•June 19, 2013 • 2 Comments
Ralph Lauren is known for having an incredible museum-quality car collection; that’s not anything new. But now, not only can you see the cars online, you can hear them, too. Hop on over to his dedicated website, click on “The Cars” (let the graphic load first), then go through the collection one by one, drinking in the pure engine sounds— the cars are given proper workouts (by Lauren’s staff, presumably) and the sound quality is quite good. The cars, of course, speak for themselves.
Thanks to reader Stephen J. for the excellent tip!
•June 18, 2013 • 7 Comments
Apparently, there’s some great driving to be had in… Ohio. Initially we were skeptical, too, but one mustn’t forget that part of Ohio – the southeastern part – shares a border with West Virginia, and the driving in West Virginia is very good indeed. Not surprisingly, it’s the southeast part that comes recommended:
Hocking Hills State Park loop (374 -> 56 -> 664) – looks like a short but sweet sixteen mile drive:
Marietta to Woodsfield drive (676 -> 26 -> 145) — this one is the much more epic of the two— 120 miles and approximately 3.5 hours of what appears to be seemingly endless corners:
Anyone have experience with either of these two drives, or southeastern Ohio driving in general?
Hat tip to the buff books for shining a light on this heretofore-overlooked part of driving country. We’re filing these away for later.
•June 14, 2013 • 2 Comments
The Ford Transit Supervans were a series of promotional vehicles built for the Ford Motor Company in the UK. They combined the outline and appearance of the popular Ford Transit van with the chassis and performance of a sports racing car.
The Supervan first appeared at the Easter 1971 meeting at Brands Hatch. A GT40 chassis and its mid-engined 400 bhp Ford V8 gave a standard pressed-steel Mark 1 Transit bodyshell a claimed top speed of around 150 mph. The vehicle had been built for Ford by Terry Drury Racing. Externally the van appeared very like a standard Transit, in Ford’s racing livery of white with low horizontal triple blue stripes. The wheel arches were flared to almost cover the wider wheels, but this was barely more noticeable than the extensions fitted to the production long-wheelbase Transit. Aerodynamics of the high-mounted bodyshell were crude though, and although the van was usually demonstrated with drag starts, body lift limited its top speed on a track (source).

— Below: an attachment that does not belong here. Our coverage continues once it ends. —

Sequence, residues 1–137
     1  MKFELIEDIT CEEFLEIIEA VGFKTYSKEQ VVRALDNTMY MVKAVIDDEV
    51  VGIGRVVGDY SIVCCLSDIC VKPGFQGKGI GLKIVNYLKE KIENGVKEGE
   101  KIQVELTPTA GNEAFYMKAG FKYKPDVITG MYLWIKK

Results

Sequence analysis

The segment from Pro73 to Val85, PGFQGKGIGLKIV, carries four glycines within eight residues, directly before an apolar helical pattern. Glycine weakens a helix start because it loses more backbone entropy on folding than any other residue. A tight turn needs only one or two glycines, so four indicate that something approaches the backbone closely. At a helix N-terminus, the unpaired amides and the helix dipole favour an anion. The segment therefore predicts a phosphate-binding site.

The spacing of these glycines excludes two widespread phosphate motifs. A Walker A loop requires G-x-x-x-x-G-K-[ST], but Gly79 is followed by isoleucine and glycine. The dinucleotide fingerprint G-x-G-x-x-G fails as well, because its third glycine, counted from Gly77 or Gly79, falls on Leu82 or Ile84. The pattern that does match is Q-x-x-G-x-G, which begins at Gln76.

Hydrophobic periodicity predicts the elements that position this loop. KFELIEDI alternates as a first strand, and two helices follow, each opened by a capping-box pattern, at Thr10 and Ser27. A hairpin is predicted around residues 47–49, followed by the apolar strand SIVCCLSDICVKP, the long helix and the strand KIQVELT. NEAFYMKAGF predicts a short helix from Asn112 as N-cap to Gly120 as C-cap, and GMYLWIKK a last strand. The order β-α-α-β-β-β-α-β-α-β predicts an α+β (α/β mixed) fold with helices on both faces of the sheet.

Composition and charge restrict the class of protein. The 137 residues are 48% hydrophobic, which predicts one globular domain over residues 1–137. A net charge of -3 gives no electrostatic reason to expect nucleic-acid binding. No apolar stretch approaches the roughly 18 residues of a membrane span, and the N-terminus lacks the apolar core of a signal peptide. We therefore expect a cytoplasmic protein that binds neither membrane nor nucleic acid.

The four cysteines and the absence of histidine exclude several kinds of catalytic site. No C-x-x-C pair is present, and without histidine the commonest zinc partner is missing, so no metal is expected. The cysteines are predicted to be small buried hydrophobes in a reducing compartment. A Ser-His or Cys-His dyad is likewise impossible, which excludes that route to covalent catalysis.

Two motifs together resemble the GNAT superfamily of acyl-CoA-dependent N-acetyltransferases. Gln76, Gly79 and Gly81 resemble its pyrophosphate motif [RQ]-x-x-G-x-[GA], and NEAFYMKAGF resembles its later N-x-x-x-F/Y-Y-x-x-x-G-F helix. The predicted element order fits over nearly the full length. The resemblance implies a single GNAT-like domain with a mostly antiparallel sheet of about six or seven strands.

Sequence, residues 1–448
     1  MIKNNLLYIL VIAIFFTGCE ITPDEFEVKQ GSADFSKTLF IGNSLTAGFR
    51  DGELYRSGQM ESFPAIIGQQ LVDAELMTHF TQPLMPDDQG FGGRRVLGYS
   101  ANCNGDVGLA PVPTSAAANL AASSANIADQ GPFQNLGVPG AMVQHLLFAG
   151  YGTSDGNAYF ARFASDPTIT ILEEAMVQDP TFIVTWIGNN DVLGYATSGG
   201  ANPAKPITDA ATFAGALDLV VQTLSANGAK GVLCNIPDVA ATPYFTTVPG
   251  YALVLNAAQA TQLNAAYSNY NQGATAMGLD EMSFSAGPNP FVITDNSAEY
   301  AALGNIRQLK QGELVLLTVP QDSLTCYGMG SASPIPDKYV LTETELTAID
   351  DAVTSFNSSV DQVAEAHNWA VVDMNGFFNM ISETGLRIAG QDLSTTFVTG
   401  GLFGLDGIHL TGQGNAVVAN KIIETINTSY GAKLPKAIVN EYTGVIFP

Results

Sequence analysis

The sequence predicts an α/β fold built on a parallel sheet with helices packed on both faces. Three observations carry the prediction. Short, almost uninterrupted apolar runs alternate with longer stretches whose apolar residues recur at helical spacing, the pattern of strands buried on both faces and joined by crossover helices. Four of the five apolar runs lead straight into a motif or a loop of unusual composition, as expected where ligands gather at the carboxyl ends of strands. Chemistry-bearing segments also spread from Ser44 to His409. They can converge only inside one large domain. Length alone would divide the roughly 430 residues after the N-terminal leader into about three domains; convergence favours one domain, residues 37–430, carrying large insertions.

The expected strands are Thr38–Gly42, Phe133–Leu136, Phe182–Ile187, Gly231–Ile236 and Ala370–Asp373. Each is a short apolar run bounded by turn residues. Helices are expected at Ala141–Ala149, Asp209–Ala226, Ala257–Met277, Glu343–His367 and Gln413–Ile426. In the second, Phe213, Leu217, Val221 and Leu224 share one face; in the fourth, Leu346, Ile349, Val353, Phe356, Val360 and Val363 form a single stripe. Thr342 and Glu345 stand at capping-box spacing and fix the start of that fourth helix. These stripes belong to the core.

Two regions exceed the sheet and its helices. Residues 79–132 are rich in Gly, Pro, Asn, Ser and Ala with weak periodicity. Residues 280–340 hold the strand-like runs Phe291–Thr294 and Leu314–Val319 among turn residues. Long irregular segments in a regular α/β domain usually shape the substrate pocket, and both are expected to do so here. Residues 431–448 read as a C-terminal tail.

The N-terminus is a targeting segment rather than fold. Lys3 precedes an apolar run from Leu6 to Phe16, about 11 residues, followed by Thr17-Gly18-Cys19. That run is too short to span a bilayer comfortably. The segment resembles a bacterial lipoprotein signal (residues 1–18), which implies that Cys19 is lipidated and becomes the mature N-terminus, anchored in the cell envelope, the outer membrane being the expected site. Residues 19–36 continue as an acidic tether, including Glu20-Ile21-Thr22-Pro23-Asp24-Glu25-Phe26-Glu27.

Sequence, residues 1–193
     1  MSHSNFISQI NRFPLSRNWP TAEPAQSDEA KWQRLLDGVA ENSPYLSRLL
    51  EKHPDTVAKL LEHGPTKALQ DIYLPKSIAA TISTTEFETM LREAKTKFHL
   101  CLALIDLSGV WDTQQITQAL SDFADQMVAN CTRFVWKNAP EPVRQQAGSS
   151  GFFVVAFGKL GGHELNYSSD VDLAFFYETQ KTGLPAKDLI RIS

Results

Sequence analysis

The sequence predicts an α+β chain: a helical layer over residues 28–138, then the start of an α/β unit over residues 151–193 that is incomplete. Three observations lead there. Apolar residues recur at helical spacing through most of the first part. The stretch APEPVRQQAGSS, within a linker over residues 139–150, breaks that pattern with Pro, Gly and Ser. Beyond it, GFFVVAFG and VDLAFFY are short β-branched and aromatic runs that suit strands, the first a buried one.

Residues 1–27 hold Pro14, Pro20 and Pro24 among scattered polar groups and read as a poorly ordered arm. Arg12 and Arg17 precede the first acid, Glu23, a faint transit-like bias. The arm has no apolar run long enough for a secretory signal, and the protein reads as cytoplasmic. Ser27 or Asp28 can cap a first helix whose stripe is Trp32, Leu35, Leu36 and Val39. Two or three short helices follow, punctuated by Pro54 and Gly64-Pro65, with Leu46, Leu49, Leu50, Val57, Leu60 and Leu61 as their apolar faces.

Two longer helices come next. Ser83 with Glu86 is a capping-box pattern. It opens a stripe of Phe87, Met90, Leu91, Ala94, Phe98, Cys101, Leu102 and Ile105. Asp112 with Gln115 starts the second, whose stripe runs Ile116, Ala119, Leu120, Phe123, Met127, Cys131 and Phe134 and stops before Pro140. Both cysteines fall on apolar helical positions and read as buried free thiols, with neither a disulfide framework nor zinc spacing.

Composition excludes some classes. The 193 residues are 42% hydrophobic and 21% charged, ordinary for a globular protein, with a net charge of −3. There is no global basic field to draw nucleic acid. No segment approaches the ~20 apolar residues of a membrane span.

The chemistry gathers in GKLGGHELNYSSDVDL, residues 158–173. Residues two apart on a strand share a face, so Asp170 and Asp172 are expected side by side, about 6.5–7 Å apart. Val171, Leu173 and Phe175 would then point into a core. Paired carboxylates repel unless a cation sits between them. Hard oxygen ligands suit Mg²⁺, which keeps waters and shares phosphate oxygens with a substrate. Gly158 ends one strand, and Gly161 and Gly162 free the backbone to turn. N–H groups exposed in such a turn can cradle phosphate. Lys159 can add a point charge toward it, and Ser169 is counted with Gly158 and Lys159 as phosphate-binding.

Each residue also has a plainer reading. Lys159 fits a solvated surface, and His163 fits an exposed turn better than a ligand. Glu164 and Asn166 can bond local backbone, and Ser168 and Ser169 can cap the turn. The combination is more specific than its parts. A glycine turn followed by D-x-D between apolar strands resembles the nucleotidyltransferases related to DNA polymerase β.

(Hat tip to Stipistop)
•June 13, 2013 • 7 Comments
MCB Japan correspondent Skorj captured this moment of zen. We see three pretty damn neat (not to mention desirable) cars in this frame: the 850 Turbo wagon (a perennial MCB favorite), the Maserati Coupé with the elusive early boomerang tail lights (which we discussed), and of course the dashboard of Skorj’s own Honda S800M coupe. Delish.
•June 12, 2013 • 15 Comments
The motherload, we found it. Or we were made aware of it, anyway. There’s a little something here for everyone, but if you’re a German car aficionado in particular, expect to say goodbye to a good portion of your morning, afternoon, or evening. Here’s a preview:
Commence right-clicking and saving-as… now:
Hat tip to Jeff B on mye28 for this top tip!
•June 11, 2013 • 13 Comments
Strange but true.
Carlsson is, as some readers are no doubt aware, the Mercedes-Benz tuning company founded by the Brothers Hartge (a third brother remained with their namesake tuning company, which continued to focus on BMWs).
We have no doubt that respectable performance could in fact be coaxed out of that beigest of beigemobiles, that most appliance-like of all conveyances. Still, one has to wonder what the point of all of that is (and we somehow suspect that irony isn’t one of them).
And of course, it’s not the first time that a German tuning house hopped in bed with a Japanese car manufacturer.
(Hat tip: TuningHistory)